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Make Life Easier When Your Kid has ADHD

Recently, I was at an ADHD conference with my daughter. We were sitting in a session on Tourette and ADHD when one of the parents in the room asked about how ADHD might connect to her son’s refusal to wear underwear. The presenter assured the mom that sensory challenges are really common in kids with ADHD (Tourette or no), and we all commiserated for a moment on the epic hunt for the perfect socks, non scratchy t-shirt tags, etc. We all wished that life could be easier for our complex kiddos.

 

Unfortunately, the underwear mom did not like that answer. She shared for another 10 minutes on how she’d created a behavior chart to encourage successful underwear wearing, bought hundreds of dollars worth of different styles, fabrics and shapes of underwear trying to find ones her son would like, and she was just fed up.

 

At this point, my daughter turned to me and said ‘Why does her son HAVE to wear underwear? It doesn’t seem like that should be this big of a deal.’

 

What If We're Making Things Harder Than They Need to Be?

 

In my opinion, my daughter was absolutely correct. As far as I know, wearing underwear does not directly correlate with any tangible success factor in life. If your kid does not want to wear underwear, and is fully potty trained, who cares if he’s going commando?

 

But it got me thinking. As parents of complex kids, we do many things that make our lives harder rather than easier.  The underwear battle is just one example.

 

Do you ever wonder what you could be doing differently that might make everyone in your house happier?

 

For the parents I work with, these are the most common battles that you might consider avoiding to ease the stress and strain of everyday life with complex kids:

 

  • Relax the dress code: Maybe it’s Easter Brunch, or your sister’s wedding…whatever the occasion, your kid needs to be dressed up. This may seem like something that’s non-negotiable, but if you can bend a bit here, you’ll have a much better time at whatever event.  You have to ask yourself which is more important – that your son wears inflexible, slippery dress shoes, or that he’s comfortable enough and you get to spend a full hour enjoying yourself instead of having to leave early because those darn shoes hurt! Tennis shoes with dress pants, bare legs instead of tights, collared shirts with no tie, dress pants with elastic waists instead of buttons and zippers…these are all perfectly acceptable alternatives for dressy events that can reduce stress for everyone.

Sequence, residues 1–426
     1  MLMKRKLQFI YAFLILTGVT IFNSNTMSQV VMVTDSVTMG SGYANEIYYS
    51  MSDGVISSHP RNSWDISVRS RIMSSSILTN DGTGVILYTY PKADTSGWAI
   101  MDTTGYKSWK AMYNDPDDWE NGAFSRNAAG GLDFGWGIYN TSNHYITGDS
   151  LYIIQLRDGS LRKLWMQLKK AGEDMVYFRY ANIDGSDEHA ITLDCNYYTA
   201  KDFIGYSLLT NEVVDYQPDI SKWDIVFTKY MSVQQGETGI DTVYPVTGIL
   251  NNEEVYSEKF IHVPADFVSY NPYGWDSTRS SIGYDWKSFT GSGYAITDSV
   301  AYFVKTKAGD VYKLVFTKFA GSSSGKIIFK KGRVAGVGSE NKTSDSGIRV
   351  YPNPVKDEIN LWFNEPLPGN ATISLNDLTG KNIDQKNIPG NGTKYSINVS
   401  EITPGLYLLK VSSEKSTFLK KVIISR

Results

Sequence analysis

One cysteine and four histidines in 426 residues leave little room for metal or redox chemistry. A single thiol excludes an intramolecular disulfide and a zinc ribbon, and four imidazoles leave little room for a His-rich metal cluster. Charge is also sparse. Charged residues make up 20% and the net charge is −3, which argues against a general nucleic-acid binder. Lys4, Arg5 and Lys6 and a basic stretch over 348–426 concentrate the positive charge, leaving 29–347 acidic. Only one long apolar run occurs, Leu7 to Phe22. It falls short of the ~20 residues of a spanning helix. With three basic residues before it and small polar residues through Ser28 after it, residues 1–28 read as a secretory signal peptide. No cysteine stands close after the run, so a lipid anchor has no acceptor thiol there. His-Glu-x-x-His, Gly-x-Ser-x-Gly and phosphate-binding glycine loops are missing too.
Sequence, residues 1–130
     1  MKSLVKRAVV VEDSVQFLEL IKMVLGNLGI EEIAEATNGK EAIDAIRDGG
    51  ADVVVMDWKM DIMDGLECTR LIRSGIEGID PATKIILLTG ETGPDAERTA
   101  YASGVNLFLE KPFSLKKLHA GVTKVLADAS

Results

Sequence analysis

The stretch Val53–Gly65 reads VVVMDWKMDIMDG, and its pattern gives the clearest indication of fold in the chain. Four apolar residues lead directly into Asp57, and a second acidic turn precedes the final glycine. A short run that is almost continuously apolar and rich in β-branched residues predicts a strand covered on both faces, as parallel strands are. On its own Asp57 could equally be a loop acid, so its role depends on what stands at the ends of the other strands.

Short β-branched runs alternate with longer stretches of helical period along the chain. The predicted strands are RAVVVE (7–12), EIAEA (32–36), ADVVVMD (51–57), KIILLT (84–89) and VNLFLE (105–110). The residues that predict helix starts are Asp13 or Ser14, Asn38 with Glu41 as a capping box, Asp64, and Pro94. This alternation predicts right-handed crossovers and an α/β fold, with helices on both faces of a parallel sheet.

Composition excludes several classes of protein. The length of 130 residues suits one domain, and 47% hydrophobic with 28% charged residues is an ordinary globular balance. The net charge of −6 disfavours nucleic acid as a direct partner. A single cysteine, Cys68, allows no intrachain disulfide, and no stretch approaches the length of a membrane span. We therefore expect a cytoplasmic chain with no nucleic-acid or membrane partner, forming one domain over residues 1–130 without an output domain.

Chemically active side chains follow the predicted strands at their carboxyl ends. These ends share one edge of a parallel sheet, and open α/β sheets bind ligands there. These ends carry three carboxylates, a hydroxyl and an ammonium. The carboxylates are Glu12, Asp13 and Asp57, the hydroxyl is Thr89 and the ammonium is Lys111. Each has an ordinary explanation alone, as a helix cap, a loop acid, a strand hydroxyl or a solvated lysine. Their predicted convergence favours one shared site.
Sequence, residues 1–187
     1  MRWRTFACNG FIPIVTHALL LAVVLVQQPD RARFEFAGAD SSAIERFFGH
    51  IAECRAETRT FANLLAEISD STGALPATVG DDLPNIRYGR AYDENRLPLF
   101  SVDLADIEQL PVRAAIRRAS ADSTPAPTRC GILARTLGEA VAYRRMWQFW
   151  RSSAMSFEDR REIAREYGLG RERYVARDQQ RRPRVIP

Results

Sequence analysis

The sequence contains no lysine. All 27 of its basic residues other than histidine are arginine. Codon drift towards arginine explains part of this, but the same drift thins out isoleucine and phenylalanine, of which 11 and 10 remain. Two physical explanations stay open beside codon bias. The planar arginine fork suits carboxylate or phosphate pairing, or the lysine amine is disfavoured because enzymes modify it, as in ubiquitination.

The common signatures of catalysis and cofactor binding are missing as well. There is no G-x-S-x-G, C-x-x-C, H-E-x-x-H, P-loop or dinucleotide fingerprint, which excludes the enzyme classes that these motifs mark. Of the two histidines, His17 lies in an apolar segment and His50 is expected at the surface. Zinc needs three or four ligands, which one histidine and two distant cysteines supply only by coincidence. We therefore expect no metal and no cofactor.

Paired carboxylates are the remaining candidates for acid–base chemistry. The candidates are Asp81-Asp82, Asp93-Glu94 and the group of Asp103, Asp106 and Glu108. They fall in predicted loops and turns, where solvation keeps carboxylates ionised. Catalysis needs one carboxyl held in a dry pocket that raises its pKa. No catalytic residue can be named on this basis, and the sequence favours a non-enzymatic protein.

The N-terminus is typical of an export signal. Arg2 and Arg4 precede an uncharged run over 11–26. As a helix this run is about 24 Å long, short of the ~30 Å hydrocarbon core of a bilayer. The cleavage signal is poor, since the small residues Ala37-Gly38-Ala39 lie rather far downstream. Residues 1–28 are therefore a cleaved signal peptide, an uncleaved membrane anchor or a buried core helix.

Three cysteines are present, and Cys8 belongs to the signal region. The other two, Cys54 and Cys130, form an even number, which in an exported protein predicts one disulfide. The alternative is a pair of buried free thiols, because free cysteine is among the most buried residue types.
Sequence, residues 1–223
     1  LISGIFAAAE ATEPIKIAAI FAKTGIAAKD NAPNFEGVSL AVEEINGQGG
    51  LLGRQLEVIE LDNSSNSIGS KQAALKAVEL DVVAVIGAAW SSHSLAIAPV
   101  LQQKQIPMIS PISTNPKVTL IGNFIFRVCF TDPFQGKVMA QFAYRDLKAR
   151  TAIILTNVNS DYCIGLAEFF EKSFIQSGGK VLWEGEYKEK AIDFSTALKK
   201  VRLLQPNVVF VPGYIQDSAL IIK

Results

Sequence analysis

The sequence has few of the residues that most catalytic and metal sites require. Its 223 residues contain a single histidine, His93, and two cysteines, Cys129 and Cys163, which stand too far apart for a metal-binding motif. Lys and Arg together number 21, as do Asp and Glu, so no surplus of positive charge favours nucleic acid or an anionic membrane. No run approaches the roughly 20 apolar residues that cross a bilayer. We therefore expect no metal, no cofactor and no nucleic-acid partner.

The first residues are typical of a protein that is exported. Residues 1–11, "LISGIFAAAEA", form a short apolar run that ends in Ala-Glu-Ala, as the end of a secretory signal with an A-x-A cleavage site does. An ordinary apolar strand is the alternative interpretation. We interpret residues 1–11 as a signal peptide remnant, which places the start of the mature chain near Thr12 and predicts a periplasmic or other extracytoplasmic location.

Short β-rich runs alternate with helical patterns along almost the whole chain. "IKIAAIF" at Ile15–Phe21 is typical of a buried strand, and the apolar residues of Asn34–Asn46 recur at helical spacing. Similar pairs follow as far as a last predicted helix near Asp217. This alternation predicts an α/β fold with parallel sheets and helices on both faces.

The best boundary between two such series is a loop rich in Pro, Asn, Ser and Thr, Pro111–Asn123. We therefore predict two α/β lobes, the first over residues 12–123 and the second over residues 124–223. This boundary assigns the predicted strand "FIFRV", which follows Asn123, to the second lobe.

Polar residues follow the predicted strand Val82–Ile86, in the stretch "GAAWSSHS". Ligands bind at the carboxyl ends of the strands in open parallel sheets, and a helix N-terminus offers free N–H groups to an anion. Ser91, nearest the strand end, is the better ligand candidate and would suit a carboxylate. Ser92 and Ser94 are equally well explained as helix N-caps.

• Stop rushing: We are all busy, over-scheduled, and over-worked – and sometimes it feels like we haven’t slept in like 10 years. This is not your child fault. And yet, most of the parents I work with (this happens in my own house, too!) start to get triggered when they realize they are running late.  Maybe it’s getting out the door in time for school, work, band practice, basketball…whatever. We start to tense up, start loudly encouraging our kids to ‘Hurry up! We’re going to be late!’ start blaming our kids for making us late. ‘If you’d turned off the tv/gotten out of bed/brushed your teeth when I asked you too we wouldn’t be so pressed for time!’ Sound familiar?  And while there are many things we can’t control, we CAN choose how many activities we do, or how much time we give ourselves to get them done.

 

  • Highway hygiene: This is one of my favorites! My entire family (most of whom also have ADHD) brush their teeth in the kitchen right before we walk out the back door to go to school/work/wherever.  My teenagers and my middles all put their deodorant on in the car. Sometimes they do it at home, but when they forget, they have backup deodorant in their backpacks and in my glove box. My daughter and I (both with ADHD) put on any makeup we’re wearing for the day in the car while parked in the parking lot of wherever we’re going. The makeup stays in the car too. This cuts down on everyone running back upstairs to brush teeth, put on mascara, etc. at those critical moments when we’re already running late!  See tip number 2 ;-).

 

  • Welcome to the Land of the Lost: the lost coat, the lost lunchbox, the lost socks (an amazing amount of socks!), the lost homework…things are going to get lost. At a ridiculous rate! Our kids have complex challenges, and this is one of those areas where they’re still not developmentally ready to keep track of everything. And while I know it’s frustrating, annoying and a huge hassle, we have to cut our kids a bit of slack here. I’m not saying it’s ok to lose things. I’m saying be ready for when things go missing. Your daughter isn’t doing it on purpose.  She desperately wanted to hang on to the hot pink coat with the white faux fur trim, but she doesn’t remember where she left it. Try to see that she’s trying. Create some systems to help her (and you). Have backups of everything when you can. I have about 50 pairs of cheap Wal-Mart sunglasses strewn across the US because I still manage to lose the darn things all the time. I’m not proud of it, but I know it’s going to happen – so when it does, I’m prepared.

 

How to Talk Yourself Through This

 

When you're faced with inevitable frustrations that might have been avoided, but weren't (because you have complex kids and these things are all pretty typical in our world), try to ask yourself:

  • Does this really matter?
  • What is most important right now?
  • How can I help the situation and maintain my child's self-esteem?
  • Do we have to have all the game pieces put back into the monopoly box just so, or can we throw them all in a Ziploc bag and call it good?

 

I say call it good.

 

And if you're still struggling with how to make life easier, just think: wearing no underwear means fewer loads of laundry to do!

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